The San Andreas Fault is a continental transform fault that extends roughly 810 miles (1,300 km) through California in the United States. It forms the tectonic boundary between the Pacific Plate and the North American Plate. It also happens to have 33-numerology.
- San Andreas = 1+1+5+1+5+4+9+5+1+1 = 33
- Thomas = 2+8+6+4+1+1 = 22
- Dibblee = 4+9+2+2+3+5+5 = 30
- Thomas Diblee = 22+30 = 52
- Notice the 223, or 322 reversed
Notable earthquakesSee also: Earthquakes in CaliforniaThe San Andreas Fault has had some notable earthquakes in historic times:
- 1857 Fort Tejon earthquake: About 217 miles (349 km) were ruptured in central and southern California. Though it is known as the Fort Tejon earthquake, the epicenter is thought to have been located far to the north, just south of Parkfield. Two deaths were reported. The magnitude was about 7.9.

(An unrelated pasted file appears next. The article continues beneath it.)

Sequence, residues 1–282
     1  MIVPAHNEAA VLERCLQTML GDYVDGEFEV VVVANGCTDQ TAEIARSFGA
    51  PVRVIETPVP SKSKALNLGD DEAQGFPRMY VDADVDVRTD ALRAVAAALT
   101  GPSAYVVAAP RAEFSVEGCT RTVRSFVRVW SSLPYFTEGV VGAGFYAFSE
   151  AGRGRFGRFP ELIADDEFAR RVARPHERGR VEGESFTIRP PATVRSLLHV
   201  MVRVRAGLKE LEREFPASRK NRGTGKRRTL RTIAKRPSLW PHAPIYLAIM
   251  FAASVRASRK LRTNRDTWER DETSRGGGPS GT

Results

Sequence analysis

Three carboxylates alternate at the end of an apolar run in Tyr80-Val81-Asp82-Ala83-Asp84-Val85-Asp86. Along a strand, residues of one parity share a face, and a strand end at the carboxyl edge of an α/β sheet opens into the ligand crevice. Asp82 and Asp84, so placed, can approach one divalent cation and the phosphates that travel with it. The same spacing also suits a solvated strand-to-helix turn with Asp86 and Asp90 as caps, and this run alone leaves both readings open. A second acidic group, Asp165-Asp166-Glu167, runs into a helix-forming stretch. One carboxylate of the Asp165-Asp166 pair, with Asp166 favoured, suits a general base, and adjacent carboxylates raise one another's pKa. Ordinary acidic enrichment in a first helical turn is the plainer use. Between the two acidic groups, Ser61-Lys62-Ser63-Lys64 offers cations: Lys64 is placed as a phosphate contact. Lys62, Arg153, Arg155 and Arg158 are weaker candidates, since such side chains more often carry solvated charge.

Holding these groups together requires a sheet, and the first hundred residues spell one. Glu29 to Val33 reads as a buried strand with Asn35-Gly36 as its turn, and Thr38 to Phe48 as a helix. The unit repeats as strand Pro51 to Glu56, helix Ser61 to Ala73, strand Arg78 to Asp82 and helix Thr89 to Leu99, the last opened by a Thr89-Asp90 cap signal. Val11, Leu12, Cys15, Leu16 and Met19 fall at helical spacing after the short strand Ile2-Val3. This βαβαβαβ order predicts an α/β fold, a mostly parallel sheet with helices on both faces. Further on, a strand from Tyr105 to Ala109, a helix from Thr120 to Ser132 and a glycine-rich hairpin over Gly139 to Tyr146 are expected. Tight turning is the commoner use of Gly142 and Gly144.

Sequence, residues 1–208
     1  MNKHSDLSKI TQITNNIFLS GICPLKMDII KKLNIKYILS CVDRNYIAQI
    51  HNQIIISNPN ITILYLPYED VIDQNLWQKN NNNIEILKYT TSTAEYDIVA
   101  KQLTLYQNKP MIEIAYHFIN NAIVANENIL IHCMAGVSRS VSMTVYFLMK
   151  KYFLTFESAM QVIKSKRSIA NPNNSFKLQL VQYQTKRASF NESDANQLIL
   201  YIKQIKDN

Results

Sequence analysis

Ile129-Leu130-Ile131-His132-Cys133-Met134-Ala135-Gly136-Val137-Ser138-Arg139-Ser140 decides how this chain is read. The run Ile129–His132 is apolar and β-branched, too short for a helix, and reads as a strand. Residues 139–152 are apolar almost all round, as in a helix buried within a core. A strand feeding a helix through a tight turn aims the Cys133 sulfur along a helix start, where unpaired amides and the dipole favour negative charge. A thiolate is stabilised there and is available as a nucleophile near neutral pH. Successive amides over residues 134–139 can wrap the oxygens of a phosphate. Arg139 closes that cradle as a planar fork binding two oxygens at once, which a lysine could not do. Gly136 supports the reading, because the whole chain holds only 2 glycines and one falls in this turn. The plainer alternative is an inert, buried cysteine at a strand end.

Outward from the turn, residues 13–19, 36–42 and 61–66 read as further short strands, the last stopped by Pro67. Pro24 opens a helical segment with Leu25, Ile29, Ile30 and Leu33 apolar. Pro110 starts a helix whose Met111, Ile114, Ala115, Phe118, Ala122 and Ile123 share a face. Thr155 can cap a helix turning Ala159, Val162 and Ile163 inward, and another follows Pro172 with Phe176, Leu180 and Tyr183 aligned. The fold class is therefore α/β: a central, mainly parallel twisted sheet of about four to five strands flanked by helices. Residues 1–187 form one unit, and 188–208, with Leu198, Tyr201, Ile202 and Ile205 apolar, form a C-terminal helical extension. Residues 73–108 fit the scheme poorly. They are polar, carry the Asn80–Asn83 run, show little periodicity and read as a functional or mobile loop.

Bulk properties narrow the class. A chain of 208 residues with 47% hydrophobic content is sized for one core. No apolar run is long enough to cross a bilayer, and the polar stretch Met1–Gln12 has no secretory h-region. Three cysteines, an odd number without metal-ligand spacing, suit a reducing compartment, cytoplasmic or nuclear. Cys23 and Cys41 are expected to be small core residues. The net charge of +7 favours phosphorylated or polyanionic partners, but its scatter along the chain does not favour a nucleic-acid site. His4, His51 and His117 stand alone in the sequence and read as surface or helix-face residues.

- 1906 San Francisco earthquake: About 267 miles (430 km) were ruptured in Northern California. The epicenter was near San Francisco. At least 3000 people died in the earthquake and subsequent fires. The magnitude was estimated to be 7.8.
- 1989 Loma Prieta earthquake: About 25 miles (40 km) were ruptured (although the rupture did not reach the surface) near Santa Cruz, California, causing 63 deaths and moderate damage in certain vulnerable locations in the San Francisco Bay Area. Moment magnitude was about 6.9. The earthquake also postponed game 3 of the 1989 World Series at Candlestick Park. This quake occurred on October 17, 1989, at approximately 5:04 P.M. PDT.
- 2004 Parkfield earthquake: On September 28, 2004, at 10:15 A.M. PDT, a magnitude 6.0 earthquake struck the Parkfield area. It was felt across the state, including the San Francisco Bay Area.
- Loma = 3+6+4+1 = 14
- Prieta = 7+9+9+5+2+1 = 33
- Loma Prieta = 14+33 = 47